Cosmetics giant overreacts to mainland attacks on singer

Lancome shops in Hong Kong as protesters express anger at cancellation of Denise Ho's concert.

By Chan King-cheung –

The cancellation of pop singer Denise Ho Wan-sze by international cosmetic giant L’Oreal, the parent company of Lancome, has again rubbed the sensitive nerve of Hong Kong people. Protestors stormed Lancome shops, accusing them of bowing to pressure from the mainland. The cancellation, they say, is an act of self-censorship and political interference.

On June 2, Denise Ho sent an invitation about the concert jointly held with Lancome on June 19 on her Facebook. Her posting was re-posted on Sina’s microblog, followed by a wave of criticism from netizens against Lancome for supporting “pro-Hong Kong independence” singer. There were calls for a boycott of Lancome. On June 5, Lancome issued a statement saying Denise Ho is not their brand ambassador. They expressed deep regret for causing misunderstanding among consumers and decided to cancel the concert.

Commenting on the cancellation, the Global Times, a sister paper of the People’s Daily, said in an editorial on June 7 Lancome is obviously more inclined towards taking into account the sentiments of the mainland public. “The reason is simple: the size of the mainland market is many times of that of Hong Kong’s.”

What is supposed to be an ordinary commercial brand-sponsored performance by an artist has swiftly become a political controversy. Protestors who backed Denise Ho said an international brand should not compromise in the face of Beijing from Beijing. Denise Ho also spoke up. She expressed dissatisfaction with Lancome for only willing to talk about compensation. She called on netizens to join a signature campaign to put pressure on Lancome for them to give a full explanation.

There are previous cases of calls for boycott of products of companies which were alleged of “hurting the feelings of Chinese people.” The Lancome case is different in some aspects. First, the mini-concert is planned for being held in Hong Kong. It was therefore not targeted at the pockets of mainland audience. Why Lancome was down to their knees swiftly after mainland netizens made noises? Secondly, even if Lancome does not want to offend the mainland authorities, they should have only “cooperated” after mainland officials demanded for a cancellation. That would have been a case of “pressure from the authorities.” Now that Lancome “surrendered” just because of calls of a boycott by netizens, they naturally face a barrage of criticism from all sides.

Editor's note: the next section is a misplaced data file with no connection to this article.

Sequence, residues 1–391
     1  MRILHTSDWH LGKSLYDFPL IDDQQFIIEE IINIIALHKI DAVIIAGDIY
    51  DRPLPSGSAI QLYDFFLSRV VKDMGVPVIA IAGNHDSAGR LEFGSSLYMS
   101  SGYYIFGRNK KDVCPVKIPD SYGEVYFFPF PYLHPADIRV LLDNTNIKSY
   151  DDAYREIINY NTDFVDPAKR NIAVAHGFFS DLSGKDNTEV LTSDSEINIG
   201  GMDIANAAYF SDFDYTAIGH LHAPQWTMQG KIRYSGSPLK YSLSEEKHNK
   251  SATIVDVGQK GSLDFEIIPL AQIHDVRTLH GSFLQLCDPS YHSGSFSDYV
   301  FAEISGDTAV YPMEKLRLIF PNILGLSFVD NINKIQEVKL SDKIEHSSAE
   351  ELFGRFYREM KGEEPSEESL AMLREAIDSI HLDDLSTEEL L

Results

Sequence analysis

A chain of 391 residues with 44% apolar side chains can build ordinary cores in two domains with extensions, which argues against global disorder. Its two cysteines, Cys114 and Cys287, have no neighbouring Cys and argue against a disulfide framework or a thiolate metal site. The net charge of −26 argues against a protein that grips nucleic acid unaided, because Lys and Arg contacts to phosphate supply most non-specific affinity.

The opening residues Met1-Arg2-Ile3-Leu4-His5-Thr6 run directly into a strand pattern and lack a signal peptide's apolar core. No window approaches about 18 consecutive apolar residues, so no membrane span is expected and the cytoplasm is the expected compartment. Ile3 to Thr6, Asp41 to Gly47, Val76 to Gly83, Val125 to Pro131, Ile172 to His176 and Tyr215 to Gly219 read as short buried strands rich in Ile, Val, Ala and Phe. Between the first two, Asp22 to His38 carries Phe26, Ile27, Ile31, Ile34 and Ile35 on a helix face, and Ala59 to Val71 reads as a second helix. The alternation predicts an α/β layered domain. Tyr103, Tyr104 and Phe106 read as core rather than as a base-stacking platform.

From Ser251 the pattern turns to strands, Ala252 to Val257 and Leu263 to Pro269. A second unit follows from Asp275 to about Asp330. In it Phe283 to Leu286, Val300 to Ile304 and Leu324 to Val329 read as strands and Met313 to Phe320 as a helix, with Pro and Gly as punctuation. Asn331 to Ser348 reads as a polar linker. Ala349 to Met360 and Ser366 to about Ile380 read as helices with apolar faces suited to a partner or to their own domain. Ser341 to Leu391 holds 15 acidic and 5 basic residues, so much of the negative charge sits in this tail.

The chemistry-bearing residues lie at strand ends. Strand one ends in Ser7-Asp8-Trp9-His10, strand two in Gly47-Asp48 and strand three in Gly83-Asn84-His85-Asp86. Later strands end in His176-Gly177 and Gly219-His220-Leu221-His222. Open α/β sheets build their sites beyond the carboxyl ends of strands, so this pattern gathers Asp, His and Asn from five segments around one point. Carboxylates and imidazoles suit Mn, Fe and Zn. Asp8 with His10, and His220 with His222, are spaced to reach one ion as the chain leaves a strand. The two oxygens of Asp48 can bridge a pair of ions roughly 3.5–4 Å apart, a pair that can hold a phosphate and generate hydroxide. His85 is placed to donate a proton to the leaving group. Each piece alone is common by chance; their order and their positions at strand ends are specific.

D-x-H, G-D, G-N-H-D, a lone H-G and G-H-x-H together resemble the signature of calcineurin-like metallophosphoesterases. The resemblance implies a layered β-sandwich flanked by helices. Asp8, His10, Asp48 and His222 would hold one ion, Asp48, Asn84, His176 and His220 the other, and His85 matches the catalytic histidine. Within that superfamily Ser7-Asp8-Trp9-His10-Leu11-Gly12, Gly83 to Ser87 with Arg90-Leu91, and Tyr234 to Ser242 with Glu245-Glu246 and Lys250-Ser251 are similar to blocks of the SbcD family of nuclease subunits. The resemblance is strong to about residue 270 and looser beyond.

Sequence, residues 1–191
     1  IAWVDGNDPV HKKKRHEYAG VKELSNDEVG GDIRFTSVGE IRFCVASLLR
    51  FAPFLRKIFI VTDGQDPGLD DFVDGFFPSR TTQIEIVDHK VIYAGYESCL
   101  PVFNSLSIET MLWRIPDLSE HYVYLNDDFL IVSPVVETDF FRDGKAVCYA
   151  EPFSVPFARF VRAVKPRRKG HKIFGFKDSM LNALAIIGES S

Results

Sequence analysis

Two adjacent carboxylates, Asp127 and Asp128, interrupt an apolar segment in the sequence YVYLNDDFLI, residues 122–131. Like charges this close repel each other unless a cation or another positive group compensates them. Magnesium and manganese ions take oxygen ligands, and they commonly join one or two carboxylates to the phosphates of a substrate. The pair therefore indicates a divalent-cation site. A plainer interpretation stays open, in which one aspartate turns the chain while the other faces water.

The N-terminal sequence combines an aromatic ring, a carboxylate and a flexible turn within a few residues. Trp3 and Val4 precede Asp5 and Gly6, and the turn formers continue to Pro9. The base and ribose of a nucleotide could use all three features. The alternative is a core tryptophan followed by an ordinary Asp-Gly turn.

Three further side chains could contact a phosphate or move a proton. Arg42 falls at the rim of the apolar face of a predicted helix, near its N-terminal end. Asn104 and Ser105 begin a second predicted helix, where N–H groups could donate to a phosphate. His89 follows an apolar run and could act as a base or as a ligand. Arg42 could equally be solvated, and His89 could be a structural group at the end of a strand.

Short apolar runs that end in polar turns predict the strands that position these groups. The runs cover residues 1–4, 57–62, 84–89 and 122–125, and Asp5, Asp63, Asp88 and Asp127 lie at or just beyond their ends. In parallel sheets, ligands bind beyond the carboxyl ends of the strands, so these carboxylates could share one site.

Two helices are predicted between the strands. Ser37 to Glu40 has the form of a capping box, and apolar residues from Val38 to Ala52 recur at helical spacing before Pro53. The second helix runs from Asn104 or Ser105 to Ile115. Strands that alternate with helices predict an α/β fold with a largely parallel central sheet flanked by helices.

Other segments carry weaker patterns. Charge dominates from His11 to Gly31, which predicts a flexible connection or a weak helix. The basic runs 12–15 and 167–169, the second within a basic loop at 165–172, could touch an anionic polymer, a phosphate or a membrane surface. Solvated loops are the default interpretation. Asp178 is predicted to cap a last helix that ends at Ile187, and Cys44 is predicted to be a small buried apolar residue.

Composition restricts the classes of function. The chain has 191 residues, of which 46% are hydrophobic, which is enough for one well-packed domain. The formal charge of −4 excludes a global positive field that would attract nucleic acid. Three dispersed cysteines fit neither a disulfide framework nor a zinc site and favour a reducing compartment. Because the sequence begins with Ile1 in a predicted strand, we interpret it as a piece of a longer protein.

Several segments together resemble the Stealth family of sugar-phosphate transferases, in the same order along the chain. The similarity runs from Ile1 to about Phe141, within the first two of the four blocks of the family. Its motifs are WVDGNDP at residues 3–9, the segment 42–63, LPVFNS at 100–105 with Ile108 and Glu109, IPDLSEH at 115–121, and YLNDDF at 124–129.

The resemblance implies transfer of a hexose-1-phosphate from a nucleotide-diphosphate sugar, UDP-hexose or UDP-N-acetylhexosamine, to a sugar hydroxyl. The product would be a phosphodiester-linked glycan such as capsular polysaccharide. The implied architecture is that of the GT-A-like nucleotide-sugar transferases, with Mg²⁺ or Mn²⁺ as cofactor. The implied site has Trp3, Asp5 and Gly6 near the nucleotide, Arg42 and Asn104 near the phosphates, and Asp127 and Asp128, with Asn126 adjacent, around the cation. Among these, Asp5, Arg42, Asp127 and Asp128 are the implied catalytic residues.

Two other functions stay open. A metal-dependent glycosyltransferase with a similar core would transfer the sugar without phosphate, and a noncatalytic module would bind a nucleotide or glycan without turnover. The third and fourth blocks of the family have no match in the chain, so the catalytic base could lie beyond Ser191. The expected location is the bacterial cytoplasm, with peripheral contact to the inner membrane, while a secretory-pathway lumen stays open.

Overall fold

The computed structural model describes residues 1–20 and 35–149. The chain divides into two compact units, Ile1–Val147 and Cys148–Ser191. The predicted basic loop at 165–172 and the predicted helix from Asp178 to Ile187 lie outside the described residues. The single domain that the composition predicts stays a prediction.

In times of peace, the effect of calls for a boycott of products by certain countries on political ground has been limited in general. Even if the people joined calls for a boycott, it did not last long. China and Japan had been locked in dispute over the issue of Diaoyu Islands in recent years. Mainland netizens had called for a boycott of Japanese goods. Figures of Sino-Japan trade show Chinese imports of Japanese goods had no decrease.

With the easing of travel rules for mainland visitors to Japan, scenes of Chinese tourists snapping up products in Japanese stores have been common. Such calls for a boycott of products from within the society won’t make major impact unless the government steps in to impose a ban on imports from certain countries. The Lancome executives have over-reacted in the Denise Ho incident and inflicted damages to their image. Worse, it poured more oil to the fire of the already-tense mainland-Hong Kong relations. It could not be a more stupid decision.

Chan King-cheung is a veteran journalist. He writes on political and economic issues in Hong Kong and China. This article was translated from his regular column in the Chinese-language Ming Pao.

Photo: Picture taken from Democratic Party Facebook


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